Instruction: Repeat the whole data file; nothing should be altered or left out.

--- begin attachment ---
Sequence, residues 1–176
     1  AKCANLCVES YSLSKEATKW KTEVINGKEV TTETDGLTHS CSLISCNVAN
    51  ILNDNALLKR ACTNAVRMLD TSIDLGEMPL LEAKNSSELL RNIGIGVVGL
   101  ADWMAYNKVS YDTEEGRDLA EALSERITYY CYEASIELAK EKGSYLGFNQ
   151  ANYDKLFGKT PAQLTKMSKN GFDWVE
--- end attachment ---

Sequence, residues 1–176
     1  AKCANLCVES YSLSKEATKW KTEVINGKEV TTETDGLTHS CSLISCNVAN
    51  ILNDNALLKR ACTNAVRMLD TSIDLGEMPL LEAKNSSELL RNIGIGVVGL
   101  ADWMAYNKVS YDTEEGRDLA EALSERITYY CYEASIELAK EKGSYLGFNQ
   151  ANYDKLFGKT PAQLTKMSKN GFDWVE